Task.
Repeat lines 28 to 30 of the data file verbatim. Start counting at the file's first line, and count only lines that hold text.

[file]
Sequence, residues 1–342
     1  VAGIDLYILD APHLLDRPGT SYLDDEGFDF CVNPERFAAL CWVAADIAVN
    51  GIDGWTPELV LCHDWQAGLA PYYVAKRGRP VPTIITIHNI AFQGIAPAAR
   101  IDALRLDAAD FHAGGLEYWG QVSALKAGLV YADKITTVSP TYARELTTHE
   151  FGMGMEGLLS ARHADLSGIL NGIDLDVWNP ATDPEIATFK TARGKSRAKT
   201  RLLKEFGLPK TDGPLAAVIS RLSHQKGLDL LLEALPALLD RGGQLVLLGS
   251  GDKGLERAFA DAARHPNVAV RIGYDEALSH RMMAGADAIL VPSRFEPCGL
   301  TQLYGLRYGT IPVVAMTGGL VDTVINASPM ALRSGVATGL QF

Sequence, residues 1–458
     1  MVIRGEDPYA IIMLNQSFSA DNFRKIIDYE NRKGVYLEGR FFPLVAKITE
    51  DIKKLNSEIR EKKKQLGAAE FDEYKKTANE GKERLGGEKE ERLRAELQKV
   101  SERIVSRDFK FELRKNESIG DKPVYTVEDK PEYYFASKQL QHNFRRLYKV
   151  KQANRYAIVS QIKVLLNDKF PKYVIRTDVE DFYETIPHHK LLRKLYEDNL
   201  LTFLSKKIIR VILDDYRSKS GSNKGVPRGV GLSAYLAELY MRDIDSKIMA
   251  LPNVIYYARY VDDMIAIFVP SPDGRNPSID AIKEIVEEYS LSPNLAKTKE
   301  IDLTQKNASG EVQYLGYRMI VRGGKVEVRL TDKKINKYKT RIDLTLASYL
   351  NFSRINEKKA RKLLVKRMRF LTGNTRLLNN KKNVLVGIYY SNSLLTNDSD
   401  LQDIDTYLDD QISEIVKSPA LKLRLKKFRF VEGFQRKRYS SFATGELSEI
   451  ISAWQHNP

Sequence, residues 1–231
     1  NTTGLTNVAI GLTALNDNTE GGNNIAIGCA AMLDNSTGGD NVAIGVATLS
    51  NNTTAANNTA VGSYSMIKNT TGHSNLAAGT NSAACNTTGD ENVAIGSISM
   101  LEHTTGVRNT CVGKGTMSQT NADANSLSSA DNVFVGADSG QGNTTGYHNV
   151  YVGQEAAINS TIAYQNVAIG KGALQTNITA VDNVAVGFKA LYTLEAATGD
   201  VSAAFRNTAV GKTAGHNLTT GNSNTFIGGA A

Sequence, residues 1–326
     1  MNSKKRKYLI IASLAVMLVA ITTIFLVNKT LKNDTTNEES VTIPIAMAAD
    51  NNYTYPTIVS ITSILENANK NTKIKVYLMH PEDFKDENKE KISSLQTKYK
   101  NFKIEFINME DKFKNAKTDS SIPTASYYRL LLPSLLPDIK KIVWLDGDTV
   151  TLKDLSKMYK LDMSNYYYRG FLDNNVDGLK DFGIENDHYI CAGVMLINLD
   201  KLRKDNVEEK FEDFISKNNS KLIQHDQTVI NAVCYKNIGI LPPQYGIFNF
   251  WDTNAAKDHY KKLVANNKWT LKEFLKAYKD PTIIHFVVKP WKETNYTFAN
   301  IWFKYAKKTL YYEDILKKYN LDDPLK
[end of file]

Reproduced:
    51  NNYTYPTIVS ITSILENANK NTKIKVYLMH PEDFKDENKE KISSLQTKYK
   101  NFKIEFINME DKFKNAKTDS SIPTASYYRL LLPSLLPDIK KIVWLDGDTV
   151  TLKDLSKMYK LDMSNYYYRG FLDNNVDGLK DFGIENDHYI CAGVMLINLD